sat 19/08/2017

The Last Kingdom, Series 2, BBC Two | reviews, news & interviews

The Last Kingdom, Series 2, BBC Two

The Last Kingdom, Series 2, BBC Two

Ninth-century Nordic noir rides again

Uhtred (Alexander Dreymon) and Hild (Eva Birthistle), being watched by Halig (Gerard Kearns)

It was the end of 2015 when we last rode out through the mud and blood of Saxon England with King Alfred and his doughty battlefield dynamo Uhtred, so it will be interesting to see what has changed in series two. Was it my imagination, or has Alfred (David Dawson, below), the victor of the battle of Ethandun, become several degrees colder and more calculating as he proceeds with his grand project to unify war-torn England?

Uhtred, however, seems refreshingly unreformed. He’s still blazing with an implacable urge to avenge the various grisly murders that have indelibly stained his past and still convinced that his abducted sister is alive (as seen by his slain girlfriend Iseult with her mystical powers). At some point he will no doubt be battling for his family seat of Bebbanburg in Northumbria, long ago ripped from his grasp by the Norse invaders in their long ships, and to that end he is trekking north from Wessex accompanied by the nun Hild (Eva Birthistle) and Halig (Gerard Kearns), his personal Baldrick. Of an evening, he drinks gallons of ale and goes chasing harlots, and Hild has to rouse him the next morning by dousing him with buckets of water.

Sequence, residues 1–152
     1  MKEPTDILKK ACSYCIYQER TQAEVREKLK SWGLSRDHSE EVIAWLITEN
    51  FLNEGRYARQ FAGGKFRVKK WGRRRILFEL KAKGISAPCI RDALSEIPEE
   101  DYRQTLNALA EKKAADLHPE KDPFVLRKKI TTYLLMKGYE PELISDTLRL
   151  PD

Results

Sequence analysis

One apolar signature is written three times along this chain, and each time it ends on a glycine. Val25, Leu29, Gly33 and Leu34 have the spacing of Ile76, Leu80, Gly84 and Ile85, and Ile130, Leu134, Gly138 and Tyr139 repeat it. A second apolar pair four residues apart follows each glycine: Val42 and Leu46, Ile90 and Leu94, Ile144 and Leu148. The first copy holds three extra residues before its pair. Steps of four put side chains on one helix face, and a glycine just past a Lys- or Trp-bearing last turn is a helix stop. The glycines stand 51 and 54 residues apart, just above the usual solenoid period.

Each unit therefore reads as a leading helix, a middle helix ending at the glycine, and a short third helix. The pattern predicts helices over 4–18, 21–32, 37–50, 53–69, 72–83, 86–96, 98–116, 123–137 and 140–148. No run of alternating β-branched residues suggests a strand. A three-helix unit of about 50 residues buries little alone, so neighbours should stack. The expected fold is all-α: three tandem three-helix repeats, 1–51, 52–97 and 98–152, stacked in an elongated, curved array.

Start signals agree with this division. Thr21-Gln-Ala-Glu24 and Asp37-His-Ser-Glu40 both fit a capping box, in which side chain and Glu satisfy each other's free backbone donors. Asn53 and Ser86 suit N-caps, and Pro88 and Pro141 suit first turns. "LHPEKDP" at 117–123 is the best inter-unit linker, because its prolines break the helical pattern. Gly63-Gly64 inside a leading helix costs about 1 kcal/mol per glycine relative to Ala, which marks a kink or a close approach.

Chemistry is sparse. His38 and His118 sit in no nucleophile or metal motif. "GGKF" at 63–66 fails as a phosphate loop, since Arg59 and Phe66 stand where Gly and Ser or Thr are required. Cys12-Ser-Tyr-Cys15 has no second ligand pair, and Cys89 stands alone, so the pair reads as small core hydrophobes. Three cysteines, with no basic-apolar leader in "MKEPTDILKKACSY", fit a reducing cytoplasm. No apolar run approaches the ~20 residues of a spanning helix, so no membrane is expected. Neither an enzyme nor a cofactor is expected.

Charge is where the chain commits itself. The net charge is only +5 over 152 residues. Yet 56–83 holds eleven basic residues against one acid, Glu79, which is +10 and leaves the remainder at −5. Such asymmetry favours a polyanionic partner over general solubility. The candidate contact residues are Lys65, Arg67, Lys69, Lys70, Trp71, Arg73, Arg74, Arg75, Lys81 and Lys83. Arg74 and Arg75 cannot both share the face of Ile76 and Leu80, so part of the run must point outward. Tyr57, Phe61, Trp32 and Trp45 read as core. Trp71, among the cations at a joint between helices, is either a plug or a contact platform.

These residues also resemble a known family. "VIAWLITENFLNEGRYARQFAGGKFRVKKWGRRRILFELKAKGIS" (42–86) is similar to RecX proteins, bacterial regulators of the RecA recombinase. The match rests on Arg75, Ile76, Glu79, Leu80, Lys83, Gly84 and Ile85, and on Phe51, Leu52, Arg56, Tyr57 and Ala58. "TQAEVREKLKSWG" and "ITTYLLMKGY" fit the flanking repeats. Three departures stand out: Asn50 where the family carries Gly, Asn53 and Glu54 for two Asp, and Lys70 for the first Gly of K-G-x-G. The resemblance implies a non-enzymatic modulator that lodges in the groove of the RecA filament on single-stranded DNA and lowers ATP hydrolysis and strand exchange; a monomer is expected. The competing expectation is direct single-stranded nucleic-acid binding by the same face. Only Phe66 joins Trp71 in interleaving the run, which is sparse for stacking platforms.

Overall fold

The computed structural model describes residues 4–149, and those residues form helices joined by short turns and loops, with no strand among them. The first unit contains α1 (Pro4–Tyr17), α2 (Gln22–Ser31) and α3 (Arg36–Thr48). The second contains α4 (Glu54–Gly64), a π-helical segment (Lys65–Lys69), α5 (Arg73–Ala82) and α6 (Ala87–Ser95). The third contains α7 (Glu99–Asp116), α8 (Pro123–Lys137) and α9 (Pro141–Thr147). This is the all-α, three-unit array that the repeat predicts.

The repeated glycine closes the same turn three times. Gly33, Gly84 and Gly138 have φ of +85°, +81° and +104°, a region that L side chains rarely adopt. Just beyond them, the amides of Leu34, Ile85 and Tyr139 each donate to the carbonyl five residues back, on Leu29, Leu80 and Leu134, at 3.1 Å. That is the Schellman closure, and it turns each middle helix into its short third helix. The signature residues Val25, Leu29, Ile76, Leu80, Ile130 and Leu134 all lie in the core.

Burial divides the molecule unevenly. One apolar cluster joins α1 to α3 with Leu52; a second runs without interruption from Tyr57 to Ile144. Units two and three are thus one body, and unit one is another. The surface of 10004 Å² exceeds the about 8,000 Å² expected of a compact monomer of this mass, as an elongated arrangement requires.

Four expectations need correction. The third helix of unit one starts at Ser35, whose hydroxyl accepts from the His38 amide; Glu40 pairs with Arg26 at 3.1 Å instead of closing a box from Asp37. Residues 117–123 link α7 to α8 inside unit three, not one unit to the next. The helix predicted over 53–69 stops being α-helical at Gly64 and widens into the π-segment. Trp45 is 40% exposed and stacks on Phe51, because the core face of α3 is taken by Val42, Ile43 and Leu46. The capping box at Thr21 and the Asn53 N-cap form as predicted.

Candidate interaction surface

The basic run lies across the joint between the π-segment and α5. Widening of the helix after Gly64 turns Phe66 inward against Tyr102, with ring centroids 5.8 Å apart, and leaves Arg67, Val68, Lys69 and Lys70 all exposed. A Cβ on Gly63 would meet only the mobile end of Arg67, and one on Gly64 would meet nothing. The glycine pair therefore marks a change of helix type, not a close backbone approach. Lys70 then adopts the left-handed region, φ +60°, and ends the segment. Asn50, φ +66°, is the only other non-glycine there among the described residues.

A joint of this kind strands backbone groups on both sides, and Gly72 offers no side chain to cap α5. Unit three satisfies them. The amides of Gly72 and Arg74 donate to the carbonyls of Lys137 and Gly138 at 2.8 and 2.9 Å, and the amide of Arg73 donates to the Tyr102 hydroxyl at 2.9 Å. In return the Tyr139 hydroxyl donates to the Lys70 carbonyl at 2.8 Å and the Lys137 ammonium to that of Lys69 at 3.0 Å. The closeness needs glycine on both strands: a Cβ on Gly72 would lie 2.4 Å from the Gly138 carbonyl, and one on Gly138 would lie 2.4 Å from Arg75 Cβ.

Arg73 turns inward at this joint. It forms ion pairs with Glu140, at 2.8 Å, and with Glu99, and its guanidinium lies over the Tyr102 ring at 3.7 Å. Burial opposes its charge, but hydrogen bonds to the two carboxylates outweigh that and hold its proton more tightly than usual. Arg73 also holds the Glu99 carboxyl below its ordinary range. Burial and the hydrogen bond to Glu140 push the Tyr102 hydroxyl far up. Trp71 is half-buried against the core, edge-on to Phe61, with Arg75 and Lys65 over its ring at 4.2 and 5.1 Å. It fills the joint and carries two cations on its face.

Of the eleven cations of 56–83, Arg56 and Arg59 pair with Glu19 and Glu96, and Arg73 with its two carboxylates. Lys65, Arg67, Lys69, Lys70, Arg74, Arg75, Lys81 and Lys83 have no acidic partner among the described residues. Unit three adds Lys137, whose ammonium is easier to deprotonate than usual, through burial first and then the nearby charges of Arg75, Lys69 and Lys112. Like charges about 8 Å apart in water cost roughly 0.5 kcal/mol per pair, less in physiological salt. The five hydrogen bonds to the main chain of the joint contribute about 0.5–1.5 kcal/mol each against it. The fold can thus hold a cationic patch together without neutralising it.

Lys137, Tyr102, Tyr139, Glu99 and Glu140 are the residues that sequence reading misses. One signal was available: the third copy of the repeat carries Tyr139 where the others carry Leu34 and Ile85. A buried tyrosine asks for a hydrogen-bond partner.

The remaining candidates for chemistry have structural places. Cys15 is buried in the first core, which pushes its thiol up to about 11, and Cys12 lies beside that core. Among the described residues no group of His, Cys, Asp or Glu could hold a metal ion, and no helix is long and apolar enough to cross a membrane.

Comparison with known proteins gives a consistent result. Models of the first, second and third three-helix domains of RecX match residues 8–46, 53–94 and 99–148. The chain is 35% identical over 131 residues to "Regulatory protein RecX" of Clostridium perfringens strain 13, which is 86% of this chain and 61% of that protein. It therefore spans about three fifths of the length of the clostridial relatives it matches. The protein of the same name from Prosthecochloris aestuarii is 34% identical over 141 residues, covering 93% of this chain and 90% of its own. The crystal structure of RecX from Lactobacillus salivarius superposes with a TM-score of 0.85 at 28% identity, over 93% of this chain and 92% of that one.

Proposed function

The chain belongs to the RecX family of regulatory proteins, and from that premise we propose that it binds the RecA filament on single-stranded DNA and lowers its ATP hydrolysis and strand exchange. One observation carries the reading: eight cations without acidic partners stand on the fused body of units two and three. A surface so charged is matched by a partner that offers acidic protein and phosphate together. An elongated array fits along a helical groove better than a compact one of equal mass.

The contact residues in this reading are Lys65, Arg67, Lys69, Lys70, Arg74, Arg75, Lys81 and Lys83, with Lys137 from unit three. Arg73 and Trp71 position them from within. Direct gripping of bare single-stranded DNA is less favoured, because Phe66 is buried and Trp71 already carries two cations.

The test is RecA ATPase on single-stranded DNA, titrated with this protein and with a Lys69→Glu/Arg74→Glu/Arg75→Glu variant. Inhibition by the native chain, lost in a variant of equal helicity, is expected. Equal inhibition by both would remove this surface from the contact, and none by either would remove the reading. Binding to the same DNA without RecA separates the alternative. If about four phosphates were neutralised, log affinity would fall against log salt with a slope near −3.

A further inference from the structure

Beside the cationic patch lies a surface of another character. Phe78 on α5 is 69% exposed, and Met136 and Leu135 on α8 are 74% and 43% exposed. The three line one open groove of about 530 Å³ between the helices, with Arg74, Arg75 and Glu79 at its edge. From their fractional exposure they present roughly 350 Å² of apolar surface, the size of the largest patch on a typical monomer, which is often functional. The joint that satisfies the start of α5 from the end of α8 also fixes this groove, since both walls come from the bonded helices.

This opening episode was running a little light on the high-octane action and spurting gore which we came to know and cherish in series one. Even when the stout citizenry of Eoferwic (that’s York) took advantage of the tactically unwise absence from the city of the Danish brothers Sigefrid and Erik to slaughter the remaining Norse garrison, there was something slightly Carry On-ish about the way corpses were left dangling in trees or suspended from buildings. There was a bit of sadistic Dane-baiting, however, wherein the townsfolk took turns to kick, thwack and stab the tethered Haesten (an authentically Nordic Jeppe Beck Larson), until Uhtred angrily put a stop to it.

But as the episode developed, the shape of things to come grew a little clearer. Uhtred has signed on to build an army for Guthred, a disappointingly insipid fellow who has nonetheless been made king of Cumberland, thanks to a dream in which St Cuthbert recommended him for the post to Abbot Eadred (David Schofield, below). Is this really how people got the top jobs in those days?

In other news, Uhtred is again about to run up against the black-hearted Kjartan (Alexandre Willaume), who is laying diabolical plans to put an end to Guthred’s barely-started reign and is looking forward to subjecting Uhtred to a gruesome fate. Meanwhile, the devious Abbot Eadred has his own private power-grabbing agenda, and is resentfully eyeing Uhtred as a potential spanner in the works. Our hero certainly has an unrivalled gift for making enemies.

All in all, this wasn’t quite the opener we might have hoped for, but it’s got the plot boiling again. Things can only get better.

This opening episode was running a little light on high-octane action and spurting gore

rating

Editor Rating: 
3
Average: 3 (1 vote)

Explore topics

Share this article

Add comment

Subscribe to theartsdesk.com

Thank you for continuing to read our work on theartsdesk.com. For unlimited access to every article in its entirety, including our archive of more than 10,000 pieces, we're asking for £2.95 per month or £25 per year. We feel it's a very good deal, and hope you do too.

To take an annual subscription now simply click here.

And if you're looking for that extra gift for a friend or family member, why not treat them to a theartsdesk.com gift subscription?

newsletter

Get a weekly digest of our critical highlights in your inbox each Thursday!

Simply enter your email address in the box below

View previous newsletters